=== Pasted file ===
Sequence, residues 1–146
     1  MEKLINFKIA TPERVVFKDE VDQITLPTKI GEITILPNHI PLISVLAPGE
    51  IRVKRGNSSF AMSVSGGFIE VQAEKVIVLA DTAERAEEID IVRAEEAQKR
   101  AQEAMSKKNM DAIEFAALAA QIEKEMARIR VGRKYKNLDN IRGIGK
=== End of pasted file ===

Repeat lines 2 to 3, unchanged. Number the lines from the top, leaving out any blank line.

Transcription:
     1  MEKLINFKIA TPERVVFKDE VDQITLPTKI GEITILPNHI PLISVLAPGE
    51  IRVKRGNSSF AMSVSGGFIE VQAEKVIVLA DTAERAEEID IVRAEEAQKR